Personal finance education seems pretty straightforward. It’s a curriculum that’s designed to teach people the basics of finance: how to file your taxes, how to invest your money, how to buy auto insurance, etc. The list goes on and on!
Unfortunately, this has never been a standard curriculum in the United States. Personal finance courses and financial literacy ought to be a graduation requirement. How can educated young adults go out into the world post-high school or college and know how to navigate the confusing intricacies of personal finance without proper education?
Let’s talk about how Michigan is paving the way when it comes to personal finance education and what other states are already requiring.
Michigan Becomes 14th U.S. State to Mandate Personal Finance Education
According to CNBC, the Michigan House of Representatives on Tuesday, June 7th, 2022, passed HB 5190 by a vote of 94-13. The bill passed the state’s Senate in May with a vote of 35-2. The bill will now be sent to Governor Gretchen Whitmer’s desk for her to sign into law.
So, why is this such a big deal? Well, it’s because high school students in Michigan will soon be guaranteed a personal finance course before they graduate. This is a game-changer for young residents of the state who will now be one step closer to taking financial matters into their own hands (oh yea!)
More specifically, Michigan’s latest legislation will require that all high school students take a half-credit course in personal finance before graduating. That course can count as math, arts, language, or a language other than English requirement, at the discretion of local school boards.
The bill, when signed, will go into effect for students starting eighth grade in the 2023 school year. The passage of this bill will make Michigan the 14th state in the union to mandate personal finance education.
Which States Currently Mandate Personal Finance Education?
Check out this list from Axios, which outlines which of the 50 U.S. states currently mandate personal finance education and what each state specifically requires:
|Iowa||Requires students to take at least one half-year personal financial literacy course (beginning in 2022-23).|
|Missouri||Requires students to take one-half credit in personal finance to graduate.|
|Ohio||Requires students entering the ninth grade on or after July 1, 2022 to take one-half credit of financial literacy to graduate.|
|Tennessee||Requires students to take a half-year course in personal finance.|
|Utah||Requires students to take a half-year course on personal finance topics and an end-of-course assessment administered by the state.|
|Virginia||Requires students to take a one-year economics and personal finance course as a graduation requirement.|
|Alabama||Requires students to take a one-year career preparedness course that includes personal finance lessons.|
|North Carolina||Requires students to pass a personal finance class to graduate.|
|Florida||Requires students to take a personal finance class to graduate.|
|Georgia||Requires students to take a financial literacy class in their 11th or 12th year to graduate.|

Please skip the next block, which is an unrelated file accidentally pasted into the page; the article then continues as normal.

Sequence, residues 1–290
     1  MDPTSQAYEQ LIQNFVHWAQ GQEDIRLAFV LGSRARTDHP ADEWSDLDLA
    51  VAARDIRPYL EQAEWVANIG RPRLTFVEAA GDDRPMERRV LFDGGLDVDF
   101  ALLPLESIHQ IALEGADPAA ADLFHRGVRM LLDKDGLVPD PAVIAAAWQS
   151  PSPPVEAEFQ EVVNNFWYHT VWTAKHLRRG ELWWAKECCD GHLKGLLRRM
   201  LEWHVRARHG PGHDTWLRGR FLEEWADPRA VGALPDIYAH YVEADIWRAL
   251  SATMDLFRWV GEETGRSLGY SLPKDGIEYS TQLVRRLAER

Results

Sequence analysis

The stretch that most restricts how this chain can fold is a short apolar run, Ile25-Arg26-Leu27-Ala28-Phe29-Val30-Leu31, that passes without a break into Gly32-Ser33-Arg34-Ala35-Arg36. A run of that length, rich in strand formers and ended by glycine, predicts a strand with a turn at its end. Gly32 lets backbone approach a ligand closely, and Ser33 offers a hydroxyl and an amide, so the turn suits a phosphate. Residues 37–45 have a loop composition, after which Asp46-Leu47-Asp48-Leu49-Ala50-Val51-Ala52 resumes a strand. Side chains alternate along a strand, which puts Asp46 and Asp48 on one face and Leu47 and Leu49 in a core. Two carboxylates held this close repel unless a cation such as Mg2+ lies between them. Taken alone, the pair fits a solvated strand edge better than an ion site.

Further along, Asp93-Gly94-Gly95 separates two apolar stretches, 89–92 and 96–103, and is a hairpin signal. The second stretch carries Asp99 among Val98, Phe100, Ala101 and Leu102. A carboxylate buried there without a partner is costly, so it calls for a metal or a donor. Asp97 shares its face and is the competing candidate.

|Michigan||Requires students to take a personal finance course before graduation to receive a diploma.|
|Mississippi||Requires students to take a college and career readiness course before graduation (beginning in 2022).|
|Nebraska||Requires students to take at least five hours of personal finance or financial literacy classes to graduate high school (beginning with the 2023-24 school year).|
|Rhode Island||The state is developing a plan to create statewide standards for financial literacy in public schools.|
These 14 states require students to be educated in personal finance before the end of high school; I couldn’t agree with this more. Hopefully, they set an example for the 36 other states to make personal finance a curriculum requirement too.
Personal Finance Resources For You
If your school doesn’t offer any personal finance education resources, we’ve got you covered. Check out this list of resources below so you can start educating yourself:
- Money Tips Everyone Needs to Know But Weren’t Taught
- What Happens If You Don’t File Your Taxes?
- How Do Student Loans Work?
- Stop Putting It Aside: Get Your Free Credit Score in 90 Seconds
- U.S. Bank Cash+® Visa Signature® Credit Card Review: Customizable 5% Cash Back
Whether it’s checking your credit score, choosing the best credit card for yourself, filing your taxes, or simply educating yourself on financial matters, The Smart Wallet has the resources you need to become financially literate fast!
The Bottom Line
Considering the tumultuous financial times we’re currently living in, personal finance education could not be more critical. In my opinion, there ought to be legislation on the federal level that mandates personal finance education in public high schools nationwide.
It’s nothing short of a crime that young adults and recent grads are often clueless about navigating how to do their taxes, enroll in a health insurance plan, and get the best car insurance rate, not to mention all the other financial responsibilities one must engage in to be a fully functioning adult. Empowering young adults through mandated personal finance education is of utmost importance and states like Michigan are setting the right example for the rest of the U.S.